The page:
Bid to boost blood cancer survival

leukaemia New treatments are needed to improve survival

Related Stories

A network of clinical trial centres is launching in a bid to improve poor survival rates for patients with a variety of blood cancers.

Each year these cancers kill more than 12,000 people in the UK - a higher toll than from breast and prostate cancer.

Yet relatively little research is dedicated to these "rarer" cancers.

The charity Leukaemia & Lymphoma Research hopes to speed up the delivery of new drug treatments by linking together 13 UK research centres.

There are so many different blood cancers - the most common cause of cancer deaths in the under 35s - that it has often been seen as uneconomical to develop drugs for many types, says the charity.

Insufficient resources

And when new drugs are available, often clinical trials are not set up because of the difficulties of recruiting enough patients at a single hospital to make them workable.

Those that do get off the ground can take as long as 10 years to complete.

The charity's clinical trials adviser, Professor Charlie Craddock, of the University of Birmingham and University Hospitals Birmingham NHS Trust, said: "Every doctor will tell you that they are routinely turning down promising new drugs because they don't have the resources to conduct early stage clinical trials.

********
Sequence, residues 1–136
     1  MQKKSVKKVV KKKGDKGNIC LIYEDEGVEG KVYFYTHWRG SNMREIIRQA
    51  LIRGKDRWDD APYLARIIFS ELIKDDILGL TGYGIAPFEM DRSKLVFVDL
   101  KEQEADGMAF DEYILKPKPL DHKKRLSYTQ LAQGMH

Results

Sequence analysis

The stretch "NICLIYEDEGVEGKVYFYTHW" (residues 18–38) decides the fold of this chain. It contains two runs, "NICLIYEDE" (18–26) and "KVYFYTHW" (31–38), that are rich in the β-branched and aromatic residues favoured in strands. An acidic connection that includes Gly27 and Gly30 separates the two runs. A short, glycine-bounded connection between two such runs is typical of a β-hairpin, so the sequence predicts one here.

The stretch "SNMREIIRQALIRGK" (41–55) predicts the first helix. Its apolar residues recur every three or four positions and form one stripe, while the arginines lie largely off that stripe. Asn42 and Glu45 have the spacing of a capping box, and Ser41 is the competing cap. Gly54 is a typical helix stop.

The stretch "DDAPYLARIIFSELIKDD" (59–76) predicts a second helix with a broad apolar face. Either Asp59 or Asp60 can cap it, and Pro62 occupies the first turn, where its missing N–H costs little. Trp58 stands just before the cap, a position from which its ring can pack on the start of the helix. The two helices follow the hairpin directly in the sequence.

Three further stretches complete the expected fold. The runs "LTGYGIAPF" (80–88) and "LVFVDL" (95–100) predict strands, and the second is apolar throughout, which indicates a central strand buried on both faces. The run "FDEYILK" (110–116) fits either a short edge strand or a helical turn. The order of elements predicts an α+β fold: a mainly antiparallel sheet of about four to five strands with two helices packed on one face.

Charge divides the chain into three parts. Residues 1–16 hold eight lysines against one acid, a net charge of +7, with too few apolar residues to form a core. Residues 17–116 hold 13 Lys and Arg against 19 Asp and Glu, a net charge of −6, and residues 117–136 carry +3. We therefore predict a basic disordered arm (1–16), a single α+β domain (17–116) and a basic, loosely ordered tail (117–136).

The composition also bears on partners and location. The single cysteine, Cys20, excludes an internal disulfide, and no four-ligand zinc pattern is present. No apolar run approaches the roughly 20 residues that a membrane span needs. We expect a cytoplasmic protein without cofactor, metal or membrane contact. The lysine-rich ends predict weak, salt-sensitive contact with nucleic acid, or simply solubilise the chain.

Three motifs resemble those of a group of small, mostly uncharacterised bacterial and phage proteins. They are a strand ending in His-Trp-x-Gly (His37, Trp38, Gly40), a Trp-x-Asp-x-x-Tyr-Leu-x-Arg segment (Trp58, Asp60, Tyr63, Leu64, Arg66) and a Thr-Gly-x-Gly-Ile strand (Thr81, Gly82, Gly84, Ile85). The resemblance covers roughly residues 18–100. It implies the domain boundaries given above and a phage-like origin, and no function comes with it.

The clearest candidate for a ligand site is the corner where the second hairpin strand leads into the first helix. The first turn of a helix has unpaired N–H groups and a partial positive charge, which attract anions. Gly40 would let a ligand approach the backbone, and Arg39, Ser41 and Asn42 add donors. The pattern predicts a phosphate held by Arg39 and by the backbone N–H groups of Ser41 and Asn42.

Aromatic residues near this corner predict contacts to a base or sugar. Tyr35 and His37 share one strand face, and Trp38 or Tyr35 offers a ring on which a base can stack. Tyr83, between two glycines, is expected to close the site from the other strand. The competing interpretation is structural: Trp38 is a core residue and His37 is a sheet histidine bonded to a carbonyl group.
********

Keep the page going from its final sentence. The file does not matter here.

"We have a moral case for getting new drugs out there as soon as possible - if you have a relative with a blood cancer, you don't want life-saving treatment available in 10 years. You want it now."

The charity, with financial help from pharmaceutical companies and NHS hospitals, says the network will see trials completed within two years, bringing £50m of promising new drugs to patients.

Kate Law, director of clinical research at Cancer Research UK, welcomed the initiative, saying: "It is great news for patients with leukaemia, lymphoma and myeloma, and we hope to see these trials making a real impact in the coming years."

More on This Story

Related Stories

The BBC is not responsible for the content of external Internet sites

More Health stories

RSS

Features

  • Witley Court in Worcestershire Abandoned mansions

    What happened to England's lost stately homes?


  • Tray of beer being carried10 Things

    Beer is less likely to slosh than coffee, and other nuggets


  • Spoon and buckwheatSoul food

    The grain that tells you a lot about Russia's state of mind


  • Woman readingWeekendish

    The best reads you need to catch up on


  • Salim Rashid SuriThe Singing Sailor

    The young Omani who became a pre-war fusion music hit


BBC © 2014 The BBC is not responsible for the content of external sites. Read more.

This page is best viewed in an up-to-date web browser with style sheets (CSS) enabled. While you will be able to view the content of this page in your current browser, you will not be able to get the full visual experience. Please consider upgrading your browser software or enabling style sheets (CSS) if you are able to do so.